Kits Eyecare caps period of brand investment with new CMO and first CIO

But marketing spend will be likely cut back following its first six months as a public co.

In taking their business public on the TSX in January, the founders of Vancouver’s Kits Eyecare promised to use part of the proceeds on brand investments they held off on making pre-IPO as the company focused on building a strong customer experience.

Those investments, which included the brand’s first awareness campaign, amounted to $4.4 million (representing 22% of revenue) during its first quarter as a public company – roughly four times the $1.1 million (or 8.1% of revenue) it had spent a year prior.

According to Joseph Thompson, Kits co-founder and COO, the investments helped deliver on two of the company’s key business objectives – namely, driving an increase in its auto-ship subscription business and growth within its higher-margin eyeglasses business – leading to a 42% increase in revenue for the three months ending March 31.

Now as it works to capitalize on that momentum, the company has hired a new CMO and moved its former lead marketer into the newly created role of chief information officer, even as it looks to return marketing spend to pre-IPO levels on the longer-term.

Stefan Harvalias, a former VP and global head of marketing at Match Group’s Plenty of Fish, has been hired as CMO. His background includes prior roles at McCormick, Visa, Kraft Heinz and EA Sports. While at Plenty of Fish, Harvalias helped scale the dating service’s subscription business, experience that Thompson says will be valuable as Kits looks to continue building its auto-ship program.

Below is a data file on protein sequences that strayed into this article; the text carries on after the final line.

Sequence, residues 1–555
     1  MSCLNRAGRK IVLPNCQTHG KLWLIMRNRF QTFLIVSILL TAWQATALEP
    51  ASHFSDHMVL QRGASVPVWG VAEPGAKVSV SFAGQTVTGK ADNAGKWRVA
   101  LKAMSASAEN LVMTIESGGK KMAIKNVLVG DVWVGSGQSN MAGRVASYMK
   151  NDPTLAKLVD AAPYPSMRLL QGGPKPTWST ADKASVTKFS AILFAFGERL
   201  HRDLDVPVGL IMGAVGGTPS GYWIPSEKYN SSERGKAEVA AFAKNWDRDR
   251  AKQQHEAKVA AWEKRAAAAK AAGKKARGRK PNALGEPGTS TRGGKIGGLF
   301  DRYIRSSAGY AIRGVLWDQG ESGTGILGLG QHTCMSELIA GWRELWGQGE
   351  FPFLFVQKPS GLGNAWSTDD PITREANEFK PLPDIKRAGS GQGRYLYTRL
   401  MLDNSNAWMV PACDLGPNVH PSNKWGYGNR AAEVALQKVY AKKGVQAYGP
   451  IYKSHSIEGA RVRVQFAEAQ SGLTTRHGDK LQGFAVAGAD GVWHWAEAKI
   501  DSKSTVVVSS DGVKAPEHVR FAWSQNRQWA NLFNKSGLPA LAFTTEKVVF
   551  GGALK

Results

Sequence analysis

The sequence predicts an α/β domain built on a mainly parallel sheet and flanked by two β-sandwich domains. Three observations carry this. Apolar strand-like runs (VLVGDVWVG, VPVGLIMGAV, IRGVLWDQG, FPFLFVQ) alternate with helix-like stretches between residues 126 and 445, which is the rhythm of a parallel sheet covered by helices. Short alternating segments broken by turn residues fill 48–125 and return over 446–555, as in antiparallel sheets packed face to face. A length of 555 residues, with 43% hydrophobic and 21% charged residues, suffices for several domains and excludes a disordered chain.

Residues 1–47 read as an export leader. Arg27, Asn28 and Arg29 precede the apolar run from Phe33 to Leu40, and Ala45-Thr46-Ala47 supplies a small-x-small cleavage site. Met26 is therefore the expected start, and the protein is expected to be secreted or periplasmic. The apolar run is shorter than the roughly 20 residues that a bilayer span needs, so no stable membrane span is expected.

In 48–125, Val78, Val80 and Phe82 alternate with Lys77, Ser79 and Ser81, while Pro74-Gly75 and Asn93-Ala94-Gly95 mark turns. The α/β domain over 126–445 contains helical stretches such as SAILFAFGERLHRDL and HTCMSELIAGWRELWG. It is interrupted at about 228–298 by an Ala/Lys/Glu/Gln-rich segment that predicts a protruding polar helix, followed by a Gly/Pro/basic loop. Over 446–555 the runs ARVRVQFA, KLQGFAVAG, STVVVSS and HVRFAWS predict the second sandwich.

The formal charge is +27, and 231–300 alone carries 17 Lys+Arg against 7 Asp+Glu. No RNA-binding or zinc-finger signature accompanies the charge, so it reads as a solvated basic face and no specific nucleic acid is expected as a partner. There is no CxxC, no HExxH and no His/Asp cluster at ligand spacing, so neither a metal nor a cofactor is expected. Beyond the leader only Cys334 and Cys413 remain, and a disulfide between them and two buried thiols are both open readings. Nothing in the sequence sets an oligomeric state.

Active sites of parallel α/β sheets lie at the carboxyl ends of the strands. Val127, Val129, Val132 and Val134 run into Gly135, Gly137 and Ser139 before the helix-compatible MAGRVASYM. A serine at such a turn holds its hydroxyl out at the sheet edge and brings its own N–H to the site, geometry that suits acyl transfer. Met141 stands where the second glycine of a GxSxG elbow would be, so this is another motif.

Moving into the new role of Kits CIO is Rob Long, who first joined the company in January 2020, having previously led the direct-to-consumer division at Dyson Canada. A category veteran, Long also helped launch Coastal Contacts in 2008 and later worked at glasses retailer EyeBuyDirect in Shanghai.

One of the next phases of growth for Kits will be having “a scalable data-tech platform,” says Thompson. To that end, Long will lead the IT department on setting up the business to have “a very fast iteration and cadence of tech releases.” In addition, he will put his deep technical background to work “bridging the gap between the marketing and tech squads.”

Thompson says the company is pleased with the ROI of its first brand awareness campaign, launched in February and featuring a guru character that tapped into mindfulness trends in an attempt to allay consumers fears around buying a highly technical product online. The campaign, led by agency OstrichCo, aired in Canada during the Super Bowl but has not yet been tested in the U.S., where Kits’ takes in approximately 80% of its revenue.

During the quarter in which the campaign debuted, Kits subscription business grew, and today 24% of its contact lens sales are through the auto-ship program. Thompson says the offering provides greater convenience for customers, while creating a recurring revenue source for Kits.

The campaign also had a material impact on Kits’ sale of eyeglasses, its higher-margin, growth business. During Q1 of this year, Kits delivered 42,000 pairs of glasses to customers, roughly double the amount delivered during Q4 2020. And last week, it announced having shipped its first one hundred thousandth pair of prescription eyeglasses – a milestone it claims to have achieved “faster than any other optical retailer in history.”

Later this month, it will run a second campaign, which is set to debut during The Bachelorette. But over the longer-term, it anticipates reducing marketing spend to levels representing roughly 8% to 10% of revenue as it pursues customer loyalty through a superior net promoter score and online shopping experience, according to Thompson.

“It’s our view that the business in every industry that has the highest NPS is also the most valuable, because they have very high loyalty with customer and see high repeat business,” he says.

Kits has hired over 90 employees over the last two years and it plans to add around 50 to 100 more across marketing, technology and operations over the next year.